M. K. Theodoratus, Fantasy Writer, blogs about the books she reads--mostly fantasy and mystery authors whose books catch her eye and keep her interest. Nothing so formal as a book review, just chats about what she liked. Theodoratus also mutters about her own writing progress or ... lack of it.


Wednesday, October 26, 2011

Random Thoughts On Writing

Color my face green for Halloween. Read Maria Zanini's blog on promoting her new book, Chain of Souls. She's running a nice little contest [+], all people have to do is mention it on Facebook and Twitter so it's easy, [+], mentions her first book [+], and feeds her dog at the same time. Seriously, you should take some time to read her past blogs. I like her energetic promotion of her books. 

[I'm the contrast for what not to do. All talk, and very little do.]

Ever wonder why so many "mainstream" writers are e-publishing their backlist? The Passive Guy ran a piece where Nina Bruhns, a romance writer [who I haven't read], discusses why she e-published. Seems her traditionally published print book delivered $42.50 in royalties. Over the same period of time, the same number of e-books sold = $1500. Don't need to think much about why there's an indie revolution.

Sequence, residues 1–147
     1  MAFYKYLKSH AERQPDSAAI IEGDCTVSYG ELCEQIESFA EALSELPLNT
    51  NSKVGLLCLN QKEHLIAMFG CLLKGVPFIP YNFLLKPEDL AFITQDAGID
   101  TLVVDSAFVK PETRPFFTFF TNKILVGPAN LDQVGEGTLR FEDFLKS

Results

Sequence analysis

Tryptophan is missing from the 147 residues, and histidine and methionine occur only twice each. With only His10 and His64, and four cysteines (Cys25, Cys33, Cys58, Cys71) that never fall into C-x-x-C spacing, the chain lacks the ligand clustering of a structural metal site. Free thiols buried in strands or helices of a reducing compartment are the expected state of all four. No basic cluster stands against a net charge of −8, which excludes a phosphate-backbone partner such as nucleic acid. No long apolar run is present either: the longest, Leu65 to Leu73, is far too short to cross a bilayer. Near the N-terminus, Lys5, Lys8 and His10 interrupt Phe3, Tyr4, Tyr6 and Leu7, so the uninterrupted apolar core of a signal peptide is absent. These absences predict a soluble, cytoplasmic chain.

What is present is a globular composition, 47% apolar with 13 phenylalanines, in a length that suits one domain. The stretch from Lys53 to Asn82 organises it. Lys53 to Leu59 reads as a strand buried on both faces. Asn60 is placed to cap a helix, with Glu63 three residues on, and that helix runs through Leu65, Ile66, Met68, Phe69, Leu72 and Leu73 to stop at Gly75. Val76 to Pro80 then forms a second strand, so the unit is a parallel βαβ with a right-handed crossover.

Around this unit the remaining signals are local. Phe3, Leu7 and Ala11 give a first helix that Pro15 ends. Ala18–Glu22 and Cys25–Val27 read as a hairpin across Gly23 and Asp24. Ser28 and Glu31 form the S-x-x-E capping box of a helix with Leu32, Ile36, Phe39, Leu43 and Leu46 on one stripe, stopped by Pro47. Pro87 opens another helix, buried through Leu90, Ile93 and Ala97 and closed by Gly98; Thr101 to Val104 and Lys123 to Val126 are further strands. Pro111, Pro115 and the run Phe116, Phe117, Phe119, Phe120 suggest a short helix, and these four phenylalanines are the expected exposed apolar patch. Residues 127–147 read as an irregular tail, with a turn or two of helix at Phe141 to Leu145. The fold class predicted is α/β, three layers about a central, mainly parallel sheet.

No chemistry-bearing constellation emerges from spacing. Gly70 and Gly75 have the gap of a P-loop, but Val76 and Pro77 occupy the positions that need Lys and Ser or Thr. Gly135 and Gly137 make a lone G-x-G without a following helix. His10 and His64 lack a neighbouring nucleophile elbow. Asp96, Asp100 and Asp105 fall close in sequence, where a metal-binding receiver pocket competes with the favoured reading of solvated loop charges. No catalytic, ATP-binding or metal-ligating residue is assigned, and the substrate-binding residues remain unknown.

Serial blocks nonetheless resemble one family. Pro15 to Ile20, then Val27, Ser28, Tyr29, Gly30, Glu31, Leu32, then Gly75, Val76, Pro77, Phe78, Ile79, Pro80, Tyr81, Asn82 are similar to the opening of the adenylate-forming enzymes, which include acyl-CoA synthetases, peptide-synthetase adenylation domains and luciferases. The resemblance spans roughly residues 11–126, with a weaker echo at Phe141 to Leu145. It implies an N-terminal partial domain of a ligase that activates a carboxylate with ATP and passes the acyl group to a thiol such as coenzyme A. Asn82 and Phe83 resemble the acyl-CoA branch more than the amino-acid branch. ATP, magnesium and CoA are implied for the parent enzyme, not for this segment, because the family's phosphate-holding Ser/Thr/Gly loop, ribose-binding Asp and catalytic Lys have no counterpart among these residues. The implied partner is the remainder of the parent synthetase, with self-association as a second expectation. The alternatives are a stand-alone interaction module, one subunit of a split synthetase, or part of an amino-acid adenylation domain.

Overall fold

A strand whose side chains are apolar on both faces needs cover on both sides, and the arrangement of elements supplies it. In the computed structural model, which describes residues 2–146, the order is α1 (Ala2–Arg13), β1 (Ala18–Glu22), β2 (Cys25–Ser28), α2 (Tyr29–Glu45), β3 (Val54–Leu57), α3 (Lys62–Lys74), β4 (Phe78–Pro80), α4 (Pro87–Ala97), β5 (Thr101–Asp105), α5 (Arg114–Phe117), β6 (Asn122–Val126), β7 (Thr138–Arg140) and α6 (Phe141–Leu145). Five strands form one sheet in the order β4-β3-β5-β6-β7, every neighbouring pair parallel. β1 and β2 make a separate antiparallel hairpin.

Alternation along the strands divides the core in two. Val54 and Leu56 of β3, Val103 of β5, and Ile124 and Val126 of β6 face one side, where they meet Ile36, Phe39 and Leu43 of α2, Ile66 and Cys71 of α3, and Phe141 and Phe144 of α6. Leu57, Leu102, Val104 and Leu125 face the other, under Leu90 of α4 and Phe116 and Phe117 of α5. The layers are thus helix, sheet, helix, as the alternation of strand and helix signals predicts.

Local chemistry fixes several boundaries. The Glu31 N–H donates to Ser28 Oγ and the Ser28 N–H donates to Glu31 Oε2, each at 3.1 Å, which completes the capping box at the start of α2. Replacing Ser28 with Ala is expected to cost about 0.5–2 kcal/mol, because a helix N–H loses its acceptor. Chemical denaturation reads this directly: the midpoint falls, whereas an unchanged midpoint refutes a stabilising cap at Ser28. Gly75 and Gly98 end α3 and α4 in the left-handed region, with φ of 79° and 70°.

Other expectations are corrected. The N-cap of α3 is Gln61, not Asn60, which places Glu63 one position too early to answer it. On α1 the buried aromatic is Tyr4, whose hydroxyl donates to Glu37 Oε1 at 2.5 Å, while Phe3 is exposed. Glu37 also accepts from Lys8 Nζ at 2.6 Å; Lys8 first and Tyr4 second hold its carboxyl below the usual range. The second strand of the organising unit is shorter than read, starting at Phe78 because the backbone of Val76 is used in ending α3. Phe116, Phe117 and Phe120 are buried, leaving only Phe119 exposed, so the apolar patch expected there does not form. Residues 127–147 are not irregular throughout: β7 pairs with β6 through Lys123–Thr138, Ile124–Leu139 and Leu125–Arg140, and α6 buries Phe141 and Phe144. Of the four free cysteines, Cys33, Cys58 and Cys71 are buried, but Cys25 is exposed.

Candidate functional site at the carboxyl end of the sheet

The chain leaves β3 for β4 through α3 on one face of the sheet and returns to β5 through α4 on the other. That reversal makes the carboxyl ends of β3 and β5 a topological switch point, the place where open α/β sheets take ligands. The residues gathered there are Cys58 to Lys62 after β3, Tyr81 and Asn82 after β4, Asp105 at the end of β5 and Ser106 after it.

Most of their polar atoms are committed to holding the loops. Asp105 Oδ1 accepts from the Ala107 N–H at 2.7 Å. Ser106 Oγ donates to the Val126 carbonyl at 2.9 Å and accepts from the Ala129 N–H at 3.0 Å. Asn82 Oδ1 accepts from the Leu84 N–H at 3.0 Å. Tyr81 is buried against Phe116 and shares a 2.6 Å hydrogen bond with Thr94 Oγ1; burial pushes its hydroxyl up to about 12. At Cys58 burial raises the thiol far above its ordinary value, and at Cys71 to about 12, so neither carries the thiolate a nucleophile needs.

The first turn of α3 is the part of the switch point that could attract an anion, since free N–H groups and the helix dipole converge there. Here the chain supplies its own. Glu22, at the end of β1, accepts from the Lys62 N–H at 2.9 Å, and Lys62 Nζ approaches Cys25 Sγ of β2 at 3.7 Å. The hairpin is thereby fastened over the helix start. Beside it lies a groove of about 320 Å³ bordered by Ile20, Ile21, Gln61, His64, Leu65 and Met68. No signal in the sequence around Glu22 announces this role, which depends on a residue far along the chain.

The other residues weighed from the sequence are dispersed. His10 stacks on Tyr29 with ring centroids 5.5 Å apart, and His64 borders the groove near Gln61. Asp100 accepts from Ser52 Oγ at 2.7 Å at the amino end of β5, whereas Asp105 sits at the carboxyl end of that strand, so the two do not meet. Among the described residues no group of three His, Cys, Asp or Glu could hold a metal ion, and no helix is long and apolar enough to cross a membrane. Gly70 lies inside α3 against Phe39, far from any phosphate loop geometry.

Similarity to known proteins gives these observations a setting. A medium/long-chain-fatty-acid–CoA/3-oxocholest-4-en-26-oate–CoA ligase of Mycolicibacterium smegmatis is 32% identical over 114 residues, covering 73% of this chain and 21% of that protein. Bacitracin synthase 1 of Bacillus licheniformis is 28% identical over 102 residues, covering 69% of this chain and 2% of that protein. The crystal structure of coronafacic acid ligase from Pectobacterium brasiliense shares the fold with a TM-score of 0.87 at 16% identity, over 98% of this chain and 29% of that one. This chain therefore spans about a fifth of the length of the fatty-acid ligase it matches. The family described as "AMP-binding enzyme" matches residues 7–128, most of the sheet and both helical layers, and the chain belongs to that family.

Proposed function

Writing paranormal? If you can put an interesting twist o the cliches, I think you have a strong market. Picked up a paperback at the grocery store featuring five short stories by J. C. Robb and a bunch of other writers I had never heard of before, including Ruth Ryan Langan. In touch with the season, all had a touch of the paranormal.

My favorite story of the bunch was Langan's "The Unforgiven", a ghost story about a highland lord who wasn't too thrilled about have his castle turned into a bed and breakfast by a impoverished woman, who had just inherited said castle. The story was quite a bit more complicated than that but that's a good enough log line for writing of the fly. [Robb's monster was pretty neat, too, but I can't remember the other stories.]

Then, there's NaNoWriMo. The madness is almost here, and the Duolit team gives writers a strategy for successfully pounding out 50,000 words.  Look at their other suggestions on their blog: 5 Tips For NaNoWriMo Success. My comment: If I have to do an outline, I'm doomed.

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